'They started with a flawed financing model which forces the URA to have the instinct to act like a property developer. So they are going for the best sites in the urban areas,' he said. 'Instead of renewing and regenerating the older parts of our city - to add life to the older part of the city, which already has life - you have a combination of a government agency and private developers to destroy the city.'
But Mr Cheung said the URA had 'probably done more for the preservation of historic buildings than anyone else in Hong Kong' and would do more in the coming years. He acknowledged that 'not much attention' was paid to renewal in the past. The URA's headquarters in Sheung Wan, for example, was located in a huge office block that cut into a network of small streets and curio shops. It was an LDC project completed in 1997.
'The community weren't expecting anything to be done about that then,' said Mr Cheung.
He said he saw the review as an opportunity to grasp the bigger nettle of urban regeneration. Already, the URA must have the support of relevant district councils before submitting projects to the Town Planning Board for approval. Mr Cheung wants a more holistic, district-based approach.
'Instead of focusing on individual projects, we should take a look at a whole area and plan with significant input from people from the area,' he said. Providing a vision and context would make it easier for people to agree on what is needed, what should be preserved or redeveloped, he added. It would also allow flexibility to transfer plot ratio - which determines the size of a building on a site - from one project to another.
Land administration and planning expert Nicholas Brooke said such an approach would be more tenable and acceptable to those concerned about revitalisation and regeneration.
'You need a holistic approach, certainly, and you need a master-plan-type approach but then you implement it in small parcels and build up the matrix over time. I wonder if you need the URA for that?' said Mr Brooke, who is chairman of Professional Property Services and a former deputy chairman of the Town Planning Board. 'I think a lot can happen spontaneously. You don't need a heavy hand or an institutional-type organisation to implement or facilitate that sort of process.'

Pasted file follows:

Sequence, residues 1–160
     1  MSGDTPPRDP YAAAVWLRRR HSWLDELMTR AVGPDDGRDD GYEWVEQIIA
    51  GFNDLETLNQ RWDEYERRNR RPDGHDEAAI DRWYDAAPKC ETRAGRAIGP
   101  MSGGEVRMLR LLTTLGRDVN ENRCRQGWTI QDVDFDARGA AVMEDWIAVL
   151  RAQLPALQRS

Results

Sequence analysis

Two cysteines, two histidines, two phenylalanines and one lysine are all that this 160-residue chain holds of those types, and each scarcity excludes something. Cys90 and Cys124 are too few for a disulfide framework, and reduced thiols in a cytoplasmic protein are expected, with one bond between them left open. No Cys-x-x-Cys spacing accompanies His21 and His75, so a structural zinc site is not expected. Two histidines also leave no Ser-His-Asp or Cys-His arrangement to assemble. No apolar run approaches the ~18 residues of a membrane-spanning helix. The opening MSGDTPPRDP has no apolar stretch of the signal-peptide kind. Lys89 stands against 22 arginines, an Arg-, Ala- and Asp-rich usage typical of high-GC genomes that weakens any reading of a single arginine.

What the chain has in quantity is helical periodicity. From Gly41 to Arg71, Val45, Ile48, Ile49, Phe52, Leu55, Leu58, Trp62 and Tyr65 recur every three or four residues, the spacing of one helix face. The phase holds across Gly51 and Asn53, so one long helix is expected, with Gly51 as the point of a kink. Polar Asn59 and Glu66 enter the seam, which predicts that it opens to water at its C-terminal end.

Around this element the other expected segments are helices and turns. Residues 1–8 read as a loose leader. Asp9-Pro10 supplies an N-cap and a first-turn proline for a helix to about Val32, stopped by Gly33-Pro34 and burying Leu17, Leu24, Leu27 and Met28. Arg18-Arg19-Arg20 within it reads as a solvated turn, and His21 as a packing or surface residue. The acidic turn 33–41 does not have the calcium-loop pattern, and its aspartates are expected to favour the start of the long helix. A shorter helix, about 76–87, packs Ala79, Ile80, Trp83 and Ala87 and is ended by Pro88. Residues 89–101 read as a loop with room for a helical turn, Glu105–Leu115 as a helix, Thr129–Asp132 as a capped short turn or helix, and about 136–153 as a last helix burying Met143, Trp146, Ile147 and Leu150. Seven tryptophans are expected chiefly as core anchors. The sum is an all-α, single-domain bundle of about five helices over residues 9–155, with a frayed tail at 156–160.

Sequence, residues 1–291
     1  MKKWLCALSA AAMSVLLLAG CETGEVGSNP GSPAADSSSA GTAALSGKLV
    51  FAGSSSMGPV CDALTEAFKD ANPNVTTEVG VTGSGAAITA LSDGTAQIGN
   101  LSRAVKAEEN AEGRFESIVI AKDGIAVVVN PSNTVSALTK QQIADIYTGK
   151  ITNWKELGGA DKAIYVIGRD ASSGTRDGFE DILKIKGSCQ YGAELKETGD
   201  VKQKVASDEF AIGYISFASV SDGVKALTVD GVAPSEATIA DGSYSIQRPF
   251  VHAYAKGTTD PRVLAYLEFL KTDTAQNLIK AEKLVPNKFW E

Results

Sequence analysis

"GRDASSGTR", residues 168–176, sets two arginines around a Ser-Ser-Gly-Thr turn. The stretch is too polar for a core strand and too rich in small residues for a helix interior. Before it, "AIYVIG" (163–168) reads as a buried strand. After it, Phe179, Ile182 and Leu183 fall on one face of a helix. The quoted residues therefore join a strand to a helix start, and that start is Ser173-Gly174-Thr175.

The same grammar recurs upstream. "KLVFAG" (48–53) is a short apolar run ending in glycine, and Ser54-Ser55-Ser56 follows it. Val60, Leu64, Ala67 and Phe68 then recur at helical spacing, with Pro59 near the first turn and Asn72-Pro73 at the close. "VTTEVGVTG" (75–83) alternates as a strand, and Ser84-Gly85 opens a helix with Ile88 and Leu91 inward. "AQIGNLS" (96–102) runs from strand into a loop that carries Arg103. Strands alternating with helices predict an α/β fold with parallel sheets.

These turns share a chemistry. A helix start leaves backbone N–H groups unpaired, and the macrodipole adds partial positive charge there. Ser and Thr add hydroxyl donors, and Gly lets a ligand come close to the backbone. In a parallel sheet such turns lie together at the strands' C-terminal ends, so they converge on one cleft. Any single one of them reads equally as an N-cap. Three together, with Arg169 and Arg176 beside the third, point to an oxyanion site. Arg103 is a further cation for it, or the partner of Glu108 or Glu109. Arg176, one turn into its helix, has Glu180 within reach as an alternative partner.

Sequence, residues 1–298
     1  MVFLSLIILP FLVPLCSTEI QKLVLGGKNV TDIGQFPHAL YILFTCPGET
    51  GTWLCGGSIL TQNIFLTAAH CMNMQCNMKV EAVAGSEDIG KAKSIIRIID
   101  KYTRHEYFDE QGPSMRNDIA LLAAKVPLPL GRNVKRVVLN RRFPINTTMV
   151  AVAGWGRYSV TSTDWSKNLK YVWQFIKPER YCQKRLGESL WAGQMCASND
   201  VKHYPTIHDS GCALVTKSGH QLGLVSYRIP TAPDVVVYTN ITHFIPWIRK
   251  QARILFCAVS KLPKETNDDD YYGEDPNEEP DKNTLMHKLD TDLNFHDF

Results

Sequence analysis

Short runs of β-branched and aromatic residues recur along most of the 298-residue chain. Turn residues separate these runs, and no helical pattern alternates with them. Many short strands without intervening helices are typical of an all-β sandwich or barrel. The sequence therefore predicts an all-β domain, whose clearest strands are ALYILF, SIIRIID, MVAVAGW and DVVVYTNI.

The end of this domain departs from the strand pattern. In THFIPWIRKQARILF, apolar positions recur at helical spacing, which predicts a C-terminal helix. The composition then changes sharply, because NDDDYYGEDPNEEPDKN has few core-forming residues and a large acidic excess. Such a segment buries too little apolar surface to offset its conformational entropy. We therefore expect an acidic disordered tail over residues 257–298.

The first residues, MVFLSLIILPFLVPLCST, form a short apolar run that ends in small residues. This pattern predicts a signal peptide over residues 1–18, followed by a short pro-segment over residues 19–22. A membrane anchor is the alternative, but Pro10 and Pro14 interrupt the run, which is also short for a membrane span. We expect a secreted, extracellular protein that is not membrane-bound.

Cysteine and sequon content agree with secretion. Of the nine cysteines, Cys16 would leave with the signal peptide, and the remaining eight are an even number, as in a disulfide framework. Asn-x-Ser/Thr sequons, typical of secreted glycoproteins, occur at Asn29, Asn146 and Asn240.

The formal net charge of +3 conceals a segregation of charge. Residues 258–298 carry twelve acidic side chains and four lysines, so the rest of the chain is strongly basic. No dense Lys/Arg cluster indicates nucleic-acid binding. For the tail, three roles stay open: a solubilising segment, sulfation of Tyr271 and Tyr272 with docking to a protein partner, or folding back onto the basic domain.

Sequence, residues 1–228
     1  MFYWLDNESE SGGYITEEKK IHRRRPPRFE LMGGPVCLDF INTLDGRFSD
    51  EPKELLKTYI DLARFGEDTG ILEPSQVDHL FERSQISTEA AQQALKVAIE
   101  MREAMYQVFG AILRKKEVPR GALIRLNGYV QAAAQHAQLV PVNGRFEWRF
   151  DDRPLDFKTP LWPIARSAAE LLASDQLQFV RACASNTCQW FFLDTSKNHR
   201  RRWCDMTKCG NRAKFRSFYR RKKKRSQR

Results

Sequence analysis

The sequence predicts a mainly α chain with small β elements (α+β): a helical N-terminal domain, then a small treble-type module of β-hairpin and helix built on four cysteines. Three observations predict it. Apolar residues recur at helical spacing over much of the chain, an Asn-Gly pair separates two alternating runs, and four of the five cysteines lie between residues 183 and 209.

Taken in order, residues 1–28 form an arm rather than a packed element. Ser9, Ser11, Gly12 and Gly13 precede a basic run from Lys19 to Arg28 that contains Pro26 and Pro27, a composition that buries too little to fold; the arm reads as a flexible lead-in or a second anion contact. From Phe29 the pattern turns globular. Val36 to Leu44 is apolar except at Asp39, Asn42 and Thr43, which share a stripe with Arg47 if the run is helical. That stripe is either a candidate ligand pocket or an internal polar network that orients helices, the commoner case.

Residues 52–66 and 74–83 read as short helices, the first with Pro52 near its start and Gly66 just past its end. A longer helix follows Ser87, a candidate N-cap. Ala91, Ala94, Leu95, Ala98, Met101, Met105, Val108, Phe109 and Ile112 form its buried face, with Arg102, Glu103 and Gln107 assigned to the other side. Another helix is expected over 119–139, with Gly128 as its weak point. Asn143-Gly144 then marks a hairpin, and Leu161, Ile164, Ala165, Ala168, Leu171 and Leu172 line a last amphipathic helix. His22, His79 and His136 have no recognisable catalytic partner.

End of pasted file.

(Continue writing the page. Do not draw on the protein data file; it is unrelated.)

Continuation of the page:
Mr Brooke said the need was for an agent not an agency. 'There is a scenario in my mind, especially for small and medium-sized schemes, where district councils could well be that agent if they are given appropriate funding and professional support and take responsibility. The district councils are best able to set the priorities in their district, they are best able to know what will bond and keep the community together and enhance the community aspects. I'm not sure a big organisation like [the] URA is going to have that sensitivity. Yes, they can do their social impact surveys and all the rest but it's more than that - a feel, a touch for what's needed,' he said.
Dr Chan believes the URA should first work with the government to identify and build consensus on what constitutes 'the old city of Hong Kong'. It should then adopt a 'preservation first' strategy, cross-subsiding revitalisation with money-making URA projects. If the economic equation was still not right, he said, the URA should ask the government for more money in the public interest. 'If urban renewal is to work, the outcome shouldn't just be new buildings, even decent buildings, it should be a new form of social spirit or social life,' he said.
Mr Cheung said that if adjustments were needed, they should be made. 'We're not wedded to the old approach,' he said. 'We're quite open to new approaches. In fact, we have a slogan for the Year of the Rat: 'New Thinking, Sensible Balance'.'